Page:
It’s spring! Finally, the birds are singing, the forsythia is blooming, the lawns are greening up and the phone is ringing off the hook. It’s go time in the lawn care business! But why does it seem as though your day is a repeat of one of those dreams where you can’t move? You have lots of work to do but you just can’t seem to get enough done in a day to keep the customers from complaining? What to do?
Well, part of the problem might just be that you’re wasting huge amounts of time and don’t even realize it. You show up early for work but you’re in a long line at the coffee shop. Oh, and look at that gas gauge! Empty again! And you’re third in line for the pump. It’s nine o’clock and you haven’t even found your first lawn yet! There must be a better way, right? There is, of course. Here are some ideas you can put into place today that won’t cost you a cent but will pay you back in hundred-dollar bills.
Prior Planning Prevents Poor Performance
Your day actually starts the night before in the preparations that you make. On the way back to the shop in the afternoon, stop at the gas station and refuel your truck, your equipment and your gas cans. More often than not, there are fewer cars and definitely fewer commercial vehicles at gas stations in the afternoon. This is also a perfect time to check fluid levels.
As you arrive back at the shop, your first stop should be the dumpster. Clear out empty bags, jugs, trash from the cab. Do this on a daily basis because debris accumulates quickly, and a clean workspace is a professional workspace.
Before you start in on your equipment, it’s time to do some paperwork. Compile, review and turn in the current day’s records and receipts. Return any phone calls or emails you may have received during the day. Then turn to the next day’s work. Look over your paperwork, search for special instructions, service calls and anything else out of the ordinary. There are time bombs inside that stack of papers that can destroy your day if you don’t pay attention; best to handle them well ahead of time instead of an hour away from the shop the next day.
You may have a notification policy with your customers, perhaps an email or text a day or two ahead of the application date. To me, this is good policy for a number of reasons. First, it demonstrates competence and professionalism to your customer – you’re telling them you’re going to do something and when you fulfill that promise, it instills in the customer confidence that you know what you’re doing.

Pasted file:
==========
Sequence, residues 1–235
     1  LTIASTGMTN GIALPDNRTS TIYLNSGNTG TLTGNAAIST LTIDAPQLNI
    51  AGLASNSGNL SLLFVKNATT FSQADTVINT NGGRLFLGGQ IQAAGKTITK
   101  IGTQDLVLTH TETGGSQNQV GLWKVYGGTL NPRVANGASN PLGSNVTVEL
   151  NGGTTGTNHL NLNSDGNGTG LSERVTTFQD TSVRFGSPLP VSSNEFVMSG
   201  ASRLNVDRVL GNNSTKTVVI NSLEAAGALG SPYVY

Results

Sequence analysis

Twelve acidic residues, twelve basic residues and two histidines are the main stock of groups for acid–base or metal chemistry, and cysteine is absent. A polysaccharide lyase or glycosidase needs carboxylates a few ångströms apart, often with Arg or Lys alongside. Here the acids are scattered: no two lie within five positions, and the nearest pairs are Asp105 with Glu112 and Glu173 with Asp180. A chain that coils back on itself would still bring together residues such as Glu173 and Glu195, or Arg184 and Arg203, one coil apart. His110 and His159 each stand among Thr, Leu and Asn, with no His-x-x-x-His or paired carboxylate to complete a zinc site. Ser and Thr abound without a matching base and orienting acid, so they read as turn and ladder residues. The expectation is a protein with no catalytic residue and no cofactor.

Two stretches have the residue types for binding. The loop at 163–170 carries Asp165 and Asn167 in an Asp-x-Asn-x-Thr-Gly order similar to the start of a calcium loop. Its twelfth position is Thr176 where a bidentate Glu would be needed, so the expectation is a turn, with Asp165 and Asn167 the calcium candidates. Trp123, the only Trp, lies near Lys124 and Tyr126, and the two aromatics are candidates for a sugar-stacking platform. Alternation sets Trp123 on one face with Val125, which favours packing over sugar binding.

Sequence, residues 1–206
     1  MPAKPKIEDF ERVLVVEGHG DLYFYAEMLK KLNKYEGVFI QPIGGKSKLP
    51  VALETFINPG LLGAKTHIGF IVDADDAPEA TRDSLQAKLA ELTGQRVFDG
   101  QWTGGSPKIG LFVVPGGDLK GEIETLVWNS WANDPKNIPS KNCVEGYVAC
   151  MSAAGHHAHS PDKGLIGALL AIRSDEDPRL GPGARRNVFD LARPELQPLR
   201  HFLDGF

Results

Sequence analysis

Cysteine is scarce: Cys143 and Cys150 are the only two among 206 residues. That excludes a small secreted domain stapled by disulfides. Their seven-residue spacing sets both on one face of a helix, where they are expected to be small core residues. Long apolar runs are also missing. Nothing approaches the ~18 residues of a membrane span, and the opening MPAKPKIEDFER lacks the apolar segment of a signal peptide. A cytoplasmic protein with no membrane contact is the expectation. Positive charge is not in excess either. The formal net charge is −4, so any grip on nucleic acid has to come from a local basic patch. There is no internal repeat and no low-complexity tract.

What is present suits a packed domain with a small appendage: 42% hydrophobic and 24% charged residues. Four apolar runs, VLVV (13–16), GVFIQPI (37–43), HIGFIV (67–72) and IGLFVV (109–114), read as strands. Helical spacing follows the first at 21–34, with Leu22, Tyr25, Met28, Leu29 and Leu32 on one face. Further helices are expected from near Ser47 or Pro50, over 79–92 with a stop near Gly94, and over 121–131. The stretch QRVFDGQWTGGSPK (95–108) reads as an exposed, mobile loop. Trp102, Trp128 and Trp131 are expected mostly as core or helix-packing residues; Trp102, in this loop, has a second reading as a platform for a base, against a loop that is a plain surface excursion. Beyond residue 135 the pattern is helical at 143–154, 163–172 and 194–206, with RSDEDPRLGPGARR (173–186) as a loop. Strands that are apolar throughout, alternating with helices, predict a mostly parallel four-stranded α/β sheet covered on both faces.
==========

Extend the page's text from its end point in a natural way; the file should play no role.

Second, it gives the customer the opportunity to pull out. Nothing is more frustrating than to show up at a customer’s house to find a party or a roofing crew or something else that keeps you from completing the work. If you know about it the day before, you can backfill that spot on your schedule with another customer and not miss a step.
Now it’s time to do some math. You’ll need to know how many thousands of square feet you’ll be treating the next day. Take that number and multiply it by the rate of product per thousand feet to arrive at the amount of product you’ll need to complete your work. Adjust this recommendation for either granular or liquid systems as necessary, the important part is to load your truck the night before so that you’ll be ready to go as soon as you get in the next morning.
Next, clean your equipment. Any granular fertilizer left in your spreader must be removed and the hopper cleaned. Having a shop vac works great for removing any remaining dust that has built up. Be sure the ports at the bottom of the hopper are completely clean. The impeller is another place that gets dirty. Be sure all debris is scraped off. All of this can be done without water too, which cuts down on the mess.
Do you need to refresh quantities of specialty products like herbicides or grub control in the truck? Now is a good time to do this while you’re already loading. Once finished, replace the equipment in the vehicle. Of course, these recommendations might need to be adjusted if you don’t have an enclosed truck or you do not park your trucks in a garage. More important than those considerations is the fact that you are planning and working towards efficiency as best you can.
It’s the next morning and time to take advantage of all your preparations. I like to start early so I’m ahead of traffic, which I find to be a big help. In any case, I want to spend as little time in the office as possible once I arrive – grab my paperwork and my keys and go would be ideal – trying very hard to be at the shop no more than fifteen minutes.
Coffee? Bathroom break? Sorry, folks. Those are not things that should be done on company time, but rather accomplished before you arrive for work. If you or your employees have made a habit of stopping at the donut shop for a coffee and a bagel, then you are wasting an incredible amount of time, money, and productivity – time that you do not get back later in the day. The sooner you break this habit and others like it the better your day will go.
This article was published in the March/April issue of the magazine.